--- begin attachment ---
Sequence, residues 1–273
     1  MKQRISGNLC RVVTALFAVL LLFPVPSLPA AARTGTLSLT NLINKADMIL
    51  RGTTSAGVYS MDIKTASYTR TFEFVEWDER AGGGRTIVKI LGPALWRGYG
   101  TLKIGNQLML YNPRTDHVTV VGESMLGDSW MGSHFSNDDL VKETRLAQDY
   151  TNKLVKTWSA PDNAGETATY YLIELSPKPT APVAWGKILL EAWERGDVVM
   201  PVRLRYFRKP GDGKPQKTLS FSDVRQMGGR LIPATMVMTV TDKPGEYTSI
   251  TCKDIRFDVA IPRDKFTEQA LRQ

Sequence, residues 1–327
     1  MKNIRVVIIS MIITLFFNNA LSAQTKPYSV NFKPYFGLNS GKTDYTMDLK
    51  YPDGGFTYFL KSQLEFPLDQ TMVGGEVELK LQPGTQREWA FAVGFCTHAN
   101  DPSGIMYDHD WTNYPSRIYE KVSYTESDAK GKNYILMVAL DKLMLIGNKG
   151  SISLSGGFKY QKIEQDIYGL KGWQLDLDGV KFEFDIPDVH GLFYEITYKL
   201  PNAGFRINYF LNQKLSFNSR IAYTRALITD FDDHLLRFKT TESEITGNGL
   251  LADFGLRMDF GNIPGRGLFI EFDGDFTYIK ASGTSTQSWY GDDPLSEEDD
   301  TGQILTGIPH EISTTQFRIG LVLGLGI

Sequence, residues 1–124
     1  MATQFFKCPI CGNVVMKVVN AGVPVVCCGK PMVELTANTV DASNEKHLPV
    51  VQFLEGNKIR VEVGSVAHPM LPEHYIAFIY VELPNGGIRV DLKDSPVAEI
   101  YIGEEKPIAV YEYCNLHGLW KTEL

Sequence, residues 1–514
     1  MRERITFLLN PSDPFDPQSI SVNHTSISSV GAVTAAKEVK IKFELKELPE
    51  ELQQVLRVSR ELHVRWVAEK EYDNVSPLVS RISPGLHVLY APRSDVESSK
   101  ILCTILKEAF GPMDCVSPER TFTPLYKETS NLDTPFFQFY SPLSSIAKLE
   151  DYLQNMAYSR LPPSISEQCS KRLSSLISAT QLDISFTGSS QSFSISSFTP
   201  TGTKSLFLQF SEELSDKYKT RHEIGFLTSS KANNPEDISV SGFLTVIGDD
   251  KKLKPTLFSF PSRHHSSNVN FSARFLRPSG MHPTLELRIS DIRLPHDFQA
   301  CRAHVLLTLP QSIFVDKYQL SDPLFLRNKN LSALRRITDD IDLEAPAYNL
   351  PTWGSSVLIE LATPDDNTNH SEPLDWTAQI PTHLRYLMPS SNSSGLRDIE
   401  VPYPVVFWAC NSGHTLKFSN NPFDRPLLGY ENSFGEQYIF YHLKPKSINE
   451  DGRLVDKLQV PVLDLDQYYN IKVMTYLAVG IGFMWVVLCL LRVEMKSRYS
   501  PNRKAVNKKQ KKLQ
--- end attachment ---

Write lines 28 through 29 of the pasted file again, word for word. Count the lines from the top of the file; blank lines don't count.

   351  PTWGSSVLIE LATPDDNTNH SEPLDWTAQI PTHLRYLMPS SNSSGLRDIE
   401  VPYPVVFWAC NSGHTLKFSN NPFDRPLLGY ENSFGEQYIF YHLKPKSINE